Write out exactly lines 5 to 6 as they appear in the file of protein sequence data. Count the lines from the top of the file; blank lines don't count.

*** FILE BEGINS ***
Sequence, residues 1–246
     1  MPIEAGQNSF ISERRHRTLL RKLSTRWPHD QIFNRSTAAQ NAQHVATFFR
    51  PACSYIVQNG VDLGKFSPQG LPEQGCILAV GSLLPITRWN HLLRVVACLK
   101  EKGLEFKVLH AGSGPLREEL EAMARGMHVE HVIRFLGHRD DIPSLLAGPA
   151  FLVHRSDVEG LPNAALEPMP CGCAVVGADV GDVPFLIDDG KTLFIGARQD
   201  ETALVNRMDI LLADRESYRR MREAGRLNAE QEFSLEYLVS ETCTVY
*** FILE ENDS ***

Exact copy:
   151  FLVHRSDVEG LPNAALEPMP CGCAVVGADV GDVPFLIDDG KTLFIGARQD
   201  ETALVNRMDI LLADRESYRR MREAGRLNAE QEFSLEYLVS ETCTVY